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State Theatre
12/01/2014 -  & December 4*, 6, 9, 11, 2014
Giuseppe Verdi: Falstaff
Warwick Fyfe (Falstaff), Jane Ede (Alice Ford), Michael Honeyman (Ford), Taryn Fiebig (Nanette), Jonathan Abernethy (Fenton), Dominica Matthews (Mistress Quickly), Jacqueline Dark (Meg Page), Graeme Macfarlane (Dr Caius), Kanen Breen (Bardolfo), Jud Arthur (Pistola)
Opera Australia Chorus, Anthony Hunt (Chorus Master), Orchestra Victoria, Christian Badea (Conductor)
Simon Phillips (Director), Iain Aitken-Mitchell (Set Designer), Tracey Grant Lord (Costume Designer), Nick Schlieper (Lighting Designer)

J. Arthur, W. Fyfe, K. Breen (Courtesy of Opera Australia)

With Falstaff as its final offering for the Melbourne Spring season, Opera Australia has confirmed the consistently high calibre of vocal talent within the company. This presentation of Verdi’s masterpiece reprises the company’s 19 year old production last seen in 2013 in Sydney and rejuvenated with an entirely local cast for the Melbourne performances. Its strengths are the visually gorgeous sets and costumes, the rollicking pace of continuous sight gags throughout the show, and the superb, sometimes exquisite ensemble singing of the on-stage performers.

The score allows few opportunities to catch a breath (or to follow the surtitle translations) and Rumanian conductor Christian Badea maintained masterful control over Orchestra Victoria’s blistering rendition. The consistently great playing this band has demonstrated during this second part of the season is very gratifying to note. We have been thrilled by a wide variety of musical origins and treatments all delivered with stunning assurance and panache. There is no sense of reliving past achievements here but a real freshness and vigour from each production. This bodes well, meaning that we can eagerly look forward to the delights in preparation for coming seasons. Maestro Badea demonstrated an admirable lightness of touch with so many of the musical effects and jokes embedded into Verdi’s tour de force. He underlined and accentuated the humour and knockabout comedy on the stage without overstating his case. He returns to Opera Australia in 2015 to conduct Turandot.

Falstaff is effectively an extended ensemble piece. Certainly there are some lovely solo parts which allow glimpses into the individual characters but it is the overall immersion into the world of Sir John which enables us to gain a sense of who he is as a person. This production plays perfectly on this theme; there are some excellent performances in the solos but it is the strength of the infinitely varied vocal combinations which come and go seamlessly into the action which give the lasting impression. Equally strong are both male and female voices but it was in the enormously difficult “patter” concluding Act Two when we heard brilliance across the entire cast. Flawlessly timing, eloquent diction and above all clear determination to render this team effort grand through an assemblage of its many parts made this for me the vocal highlight of the performance and a sign of a very capable and self-assured company.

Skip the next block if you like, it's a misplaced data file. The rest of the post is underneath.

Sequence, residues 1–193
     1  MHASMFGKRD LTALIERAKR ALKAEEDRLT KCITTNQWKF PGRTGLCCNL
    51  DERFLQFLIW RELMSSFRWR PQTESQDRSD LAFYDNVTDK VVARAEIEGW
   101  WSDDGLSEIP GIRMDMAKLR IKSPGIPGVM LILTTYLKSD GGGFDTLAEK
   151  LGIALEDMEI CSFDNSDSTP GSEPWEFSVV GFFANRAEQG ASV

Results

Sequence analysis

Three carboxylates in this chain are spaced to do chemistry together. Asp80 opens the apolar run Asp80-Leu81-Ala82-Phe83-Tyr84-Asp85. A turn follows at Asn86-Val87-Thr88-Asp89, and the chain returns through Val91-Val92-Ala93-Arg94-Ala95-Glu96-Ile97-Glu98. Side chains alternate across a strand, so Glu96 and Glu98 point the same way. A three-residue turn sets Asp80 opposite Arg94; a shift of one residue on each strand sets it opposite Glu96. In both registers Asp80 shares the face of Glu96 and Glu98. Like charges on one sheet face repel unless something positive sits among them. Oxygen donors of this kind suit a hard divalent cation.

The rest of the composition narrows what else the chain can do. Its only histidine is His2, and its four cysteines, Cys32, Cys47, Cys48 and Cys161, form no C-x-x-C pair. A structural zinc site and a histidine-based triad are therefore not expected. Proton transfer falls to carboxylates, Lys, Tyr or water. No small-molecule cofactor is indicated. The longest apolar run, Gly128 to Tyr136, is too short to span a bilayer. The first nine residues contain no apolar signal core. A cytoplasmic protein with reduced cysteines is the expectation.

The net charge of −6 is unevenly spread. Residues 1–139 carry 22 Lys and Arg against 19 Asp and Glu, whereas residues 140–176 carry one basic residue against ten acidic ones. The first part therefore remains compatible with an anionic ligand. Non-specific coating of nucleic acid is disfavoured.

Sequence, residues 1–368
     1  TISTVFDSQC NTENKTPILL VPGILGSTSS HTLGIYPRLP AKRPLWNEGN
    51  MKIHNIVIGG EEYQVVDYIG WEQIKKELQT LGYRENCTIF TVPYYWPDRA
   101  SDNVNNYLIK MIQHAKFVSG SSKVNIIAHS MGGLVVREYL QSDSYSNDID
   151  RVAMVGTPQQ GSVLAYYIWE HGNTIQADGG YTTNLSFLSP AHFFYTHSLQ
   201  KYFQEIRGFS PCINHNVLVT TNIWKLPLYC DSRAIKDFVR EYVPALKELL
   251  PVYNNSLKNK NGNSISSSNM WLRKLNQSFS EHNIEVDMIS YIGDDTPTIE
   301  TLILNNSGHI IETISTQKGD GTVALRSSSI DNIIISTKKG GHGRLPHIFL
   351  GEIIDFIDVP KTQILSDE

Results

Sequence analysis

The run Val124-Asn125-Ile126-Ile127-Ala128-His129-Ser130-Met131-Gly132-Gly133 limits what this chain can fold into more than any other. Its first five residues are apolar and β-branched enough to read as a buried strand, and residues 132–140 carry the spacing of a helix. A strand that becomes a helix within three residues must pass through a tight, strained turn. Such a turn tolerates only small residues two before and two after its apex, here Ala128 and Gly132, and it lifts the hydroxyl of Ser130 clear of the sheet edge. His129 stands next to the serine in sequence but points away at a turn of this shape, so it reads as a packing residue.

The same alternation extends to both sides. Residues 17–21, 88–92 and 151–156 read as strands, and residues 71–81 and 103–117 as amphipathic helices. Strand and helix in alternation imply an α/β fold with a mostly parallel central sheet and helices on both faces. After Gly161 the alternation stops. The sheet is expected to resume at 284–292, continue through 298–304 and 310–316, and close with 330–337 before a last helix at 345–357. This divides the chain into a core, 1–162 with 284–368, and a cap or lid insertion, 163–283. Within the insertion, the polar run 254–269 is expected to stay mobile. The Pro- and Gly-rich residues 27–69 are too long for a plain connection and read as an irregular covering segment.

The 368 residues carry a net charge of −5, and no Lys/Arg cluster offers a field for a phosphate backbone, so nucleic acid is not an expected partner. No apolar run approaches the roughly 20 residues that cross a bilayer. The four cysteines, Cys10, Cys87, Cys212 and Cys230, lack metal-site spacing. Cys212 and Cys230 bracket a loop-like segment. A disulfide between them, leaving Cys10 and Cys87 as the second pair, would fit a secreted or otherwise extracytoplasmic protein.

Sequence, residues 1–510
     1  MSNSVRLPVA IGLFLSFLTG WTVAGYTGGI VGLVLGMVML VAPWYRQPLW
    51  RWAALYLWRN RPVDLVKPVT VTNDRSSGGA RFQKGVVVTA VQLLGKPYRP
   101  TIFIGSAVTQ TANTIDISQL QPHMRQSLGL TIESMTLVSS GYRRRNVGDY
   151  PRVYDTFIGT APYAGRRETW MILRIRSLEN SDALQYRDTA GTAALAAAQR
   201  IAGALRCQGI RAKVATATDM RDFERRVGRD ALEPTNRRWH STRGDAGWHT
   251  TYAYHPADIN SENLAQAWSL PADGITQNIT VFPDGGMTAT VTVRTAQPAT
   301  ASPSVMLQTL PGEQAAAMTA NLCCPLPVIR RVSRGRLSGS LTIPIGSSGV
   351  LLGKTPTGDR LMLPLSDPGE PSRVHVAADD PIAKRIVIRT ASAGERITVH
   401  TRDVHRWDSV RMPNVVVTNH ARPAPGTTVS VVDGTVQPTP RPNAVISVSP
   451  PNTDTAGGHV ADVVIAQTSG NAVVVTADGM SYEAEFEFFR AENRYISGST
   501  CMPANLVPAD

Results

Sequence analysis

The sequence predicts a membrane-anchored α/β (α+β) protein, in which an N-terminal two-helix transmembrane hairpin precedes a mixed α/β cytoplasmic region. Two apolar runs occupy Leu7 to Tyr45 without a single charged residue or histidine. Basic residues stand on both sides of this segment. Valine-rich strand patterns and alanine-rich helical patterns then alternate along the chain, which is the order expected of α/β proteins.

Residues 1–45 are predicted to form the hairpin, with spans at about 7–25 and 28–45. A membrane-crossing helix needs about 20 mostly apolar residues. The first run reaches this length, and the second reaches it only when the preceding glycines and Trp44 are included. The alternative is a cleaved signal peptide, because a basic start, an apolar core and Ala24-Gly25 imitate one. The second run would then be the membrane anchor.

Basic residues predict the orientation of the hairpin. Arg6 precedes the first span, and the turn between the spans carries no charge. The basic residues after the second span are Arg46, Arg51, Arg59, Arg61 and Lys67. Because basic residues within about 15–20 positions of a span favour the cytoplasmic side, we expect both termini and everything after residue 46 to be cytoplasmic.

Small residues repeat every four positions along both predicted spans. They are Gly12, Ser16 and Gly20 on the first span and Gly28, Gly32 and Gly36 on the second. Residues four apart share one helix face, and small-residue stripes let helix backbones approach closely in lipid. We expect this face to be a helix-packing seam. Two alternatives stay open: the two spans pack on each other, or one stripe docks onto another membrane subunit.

This past year has been a great one for stalwart Australian baritone Warwick Fyfe. Only a year ago we heard him take up Wagner’s Alberich for the Melbourne Ring, in the autumn season, he gave Rigoletto and now this outstanding showpiece as the fat knight of Verdi’s beloved final opera. Mr Fyfe continues to demonstrate that his voice is a pillar of strength for the company and one by which many future performances will no doubt be anchored.

As his two ridiculous side-kicks, Bardolpho and Pistola, Kanen Breen and Jud Arthur again demonstrated their magnificent dramatic abilities in realising richly rounded characters. Both hammed it up outrageously and with Sir John in their trio, emulated “The Three Stooges” replete with nose-tweaking, ear-cuffing, trips and spills. Their staggering athleticism lent a slap-stick element to the show which was sometimes a little overworked but was all the time very amusing. Both have superbly solid voices and they too form a strong spine on which many company productions are based.

As the three women who become Falstaff’s nemeses, Jacqueline Dark, Jane Ede and Dominica Matthews (Meg Page, Alice Ford and Mistress Quickly respectively) gave sparkling performances. Individually they have a range of credits with the company which would be the envy of many performers; together, they make a formidable team whose sound is luscious and whose sense of ensemble is without fault.

As the young lovers Nannette and Fenton, Taryn Feibig and Jonathan Abernethy were absolutely convincing. Both have gorgeously youthful voices with dazzling upper registers and both executed their roles with surety and style.

Designers Iain Aitken and Tracy Grant Lord have built a little slice of Elizabethan England for this show. A revolving stage gives us elaborately structured interiors with stairs, rooms, passageways, exits and entrances aplenty. Simon Phillips’ direction has as much coming-and-going as any bedroom farce and packs the action full of rough-and-tumble sight gags. Subtle, it is not but neither is the plot or the libretto. This looks like a very traditional production but delivers characters who are fresh, youthful and very much as representative as any of Shakespeare’s originals.

Falstaff is a strong demonstration of the excellent shape in which Opera Australia finds itself: a vibrant, confident company backed by a stable of enviably strong musicians. A wonderful presage of good things to come.

Gregory Pritchard



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